Golconda High School is a family friendly youth and sport oriented film that borrows heavily from others in the genre like The Mighty Ducks and Chak de India. A ragtag team is brought together by their misfit coach to win back an inter-school trophy and protect their school sports oval. It doesn’t sound like much, and it is quite a slight story, but I quite enjoy the way the characters develop and the good lead performances.
A quick aside – My DVD subtitles refused to cooperate so I downloaded some subs. Whoever did them was undaunted by their caps lock being stuck on some letters and a mysterious appearance of the number 3 whenever apostrophes were required. But thank you, whoever you are.
Sampath (Sumanth) is called back to his old school by headmaster Viswanath (Tanikella Bharani) to coach the cricket team. He had been cricket captain back in the day, but left the game under a cloud. Initially reluctant to commit, he is irritated into accepting the job by Kireet (Subbaraju), a board member with a keen interest in real estate, especially that large patch of land occupied by the sports ground. Kireet has an ally in Madhu (Shafi), the maths teacher and deputy principal. The boys are demotivated and unused to being pushed to excel so they provide a challenge and a reward for Sampath. Romance is supplied by English teacher Anjali played by Swathi. The story is predictable but the characters were not always exactly what I expected.
Sumanth is likeable and blokey as Sampath. Sampath has Telugu Hero Syndrome and is never wrong about anything and is therefore not required to change his opinions or adapt in any way. But that characteristic is common to many successful sportspeople so it didn’t seem out of place. Sampath has a troubled history and he is a stickler for principles so he has a little bit of internal conflict but really, he is there to inspire the boys and to see them achieve his/their dream. Sumanth has an easy quality to his dialogue delivery, seeming conversational most of the time. He does amp up the jaw clenching and drama when it is needed, but he is not a superhero – just a focussed and determined man (once he has to be). He and teacher Anjali (Swathi) have an understated flirtation. They’re both single and attractive and they don’t play too many games, admitting they like each other quite easily.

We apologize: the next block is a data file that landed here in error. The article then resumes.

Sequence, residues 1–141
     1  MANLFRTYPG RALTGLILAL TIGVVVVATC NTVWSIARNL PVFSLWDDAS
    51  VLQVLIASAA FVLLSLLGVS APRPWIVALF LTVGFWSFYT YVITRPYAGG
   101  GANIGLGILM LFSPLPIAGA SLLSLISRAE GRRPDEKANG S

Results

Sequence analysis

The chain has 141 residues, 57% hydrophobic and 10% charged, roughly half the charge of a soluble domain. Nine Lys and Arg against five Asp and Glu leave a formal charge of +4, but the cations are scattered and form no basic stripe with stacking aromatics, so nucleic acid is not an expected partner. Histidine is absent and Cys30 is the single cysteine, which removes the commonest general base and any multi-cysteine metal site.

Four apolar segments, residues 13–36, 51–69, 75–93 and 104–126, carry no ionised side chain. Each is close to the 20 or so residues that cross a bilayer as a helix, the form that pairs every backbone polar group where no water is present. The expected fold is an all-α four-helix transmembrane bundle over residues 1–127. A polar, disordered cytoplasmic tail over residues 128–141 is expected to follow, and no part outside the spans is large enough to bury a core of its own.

Swathi’s role is small but has a bit of substance. Anjali is a modern young woman with a natural and outgoing personality. Anjali is popular with the staff and students and she sometimes cajoles people into patching up their differences or cheers them on. She befriends Sampath and commends his efforts to support and develop the team. She calls him over for dinner and they share a romantic ‘what if?’ duet. Their relationship a little awkward as they both feel uncertain at times, and they seem to genuinely like each other. Again, nothing fake or flashy about it, just nice and relatable.
I like the way they phase in and out of reality, and the internal conversations they are practicing. No dancing and a bit cheesy, but you can’t have everything and this does suit their characters very well.
The staff take on the boys in a friendly match and they all looked like they were having lots of fun. The interactions between the supporting teachers were funny in an everyday way, nothing overtly comedic but the humour of people who regularly wind each other up. There are lots of small interactions and dialogue exchanges that flesh out this school environment. When the final match is on, the parents and teachers have some good lines and little cutaway shots for reactions.